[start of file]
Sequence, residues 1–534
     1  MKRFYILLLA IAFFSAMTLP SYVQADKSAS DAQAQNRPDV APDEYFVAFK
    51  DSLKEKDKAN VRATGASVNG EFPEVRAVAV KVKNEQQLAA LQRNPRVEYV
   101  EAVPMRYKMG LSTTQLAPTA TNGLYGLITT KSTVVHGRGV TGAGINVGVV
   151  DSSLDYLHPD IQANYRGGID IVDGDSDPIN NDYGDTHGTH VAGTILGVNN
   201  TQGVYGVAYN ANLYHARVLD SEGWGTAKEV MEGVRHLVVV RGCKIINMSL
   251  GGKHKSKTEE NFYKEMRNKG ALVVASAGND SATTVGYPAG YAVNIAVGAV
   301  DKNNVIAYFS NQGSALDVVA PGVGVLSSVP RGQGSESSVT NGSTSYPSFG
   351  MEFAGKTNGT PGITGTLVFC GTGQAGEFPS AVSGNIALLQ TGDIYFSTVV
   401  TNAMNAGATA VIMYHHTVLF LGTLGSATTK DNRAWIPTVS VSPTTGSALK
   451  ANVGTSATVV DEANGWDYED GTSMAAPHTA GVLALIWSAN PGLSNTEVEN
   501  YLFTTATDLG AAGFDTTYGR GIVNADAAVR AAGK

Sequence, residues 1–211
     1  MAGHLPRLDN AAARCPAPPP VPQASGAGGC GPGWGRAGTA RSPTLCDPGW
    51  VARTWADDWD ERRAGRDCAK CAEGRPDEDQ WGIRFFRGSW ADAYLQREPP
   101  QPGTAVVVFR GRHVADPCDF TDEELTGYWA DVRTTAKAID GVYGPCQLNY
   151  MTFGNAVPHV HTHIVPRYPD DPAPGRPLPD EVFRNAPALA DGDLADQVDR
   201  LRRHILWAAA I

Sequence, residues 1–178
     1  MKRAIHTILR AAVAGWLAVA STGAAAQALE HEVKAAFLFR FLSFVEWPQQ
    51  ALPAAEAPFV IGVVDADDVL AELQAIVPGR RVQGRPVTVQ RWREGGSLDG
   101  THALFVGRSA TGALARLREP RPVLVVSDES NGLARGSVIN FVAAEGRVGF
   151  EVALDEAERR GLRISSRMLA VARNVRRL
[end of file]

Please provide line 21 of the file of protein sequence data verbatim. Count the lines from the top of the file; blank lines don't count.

    51  ALPAAEAPFV IGVVDADDVL AELQAIVPGR RVQGRPVTVQ RWREGGSLDG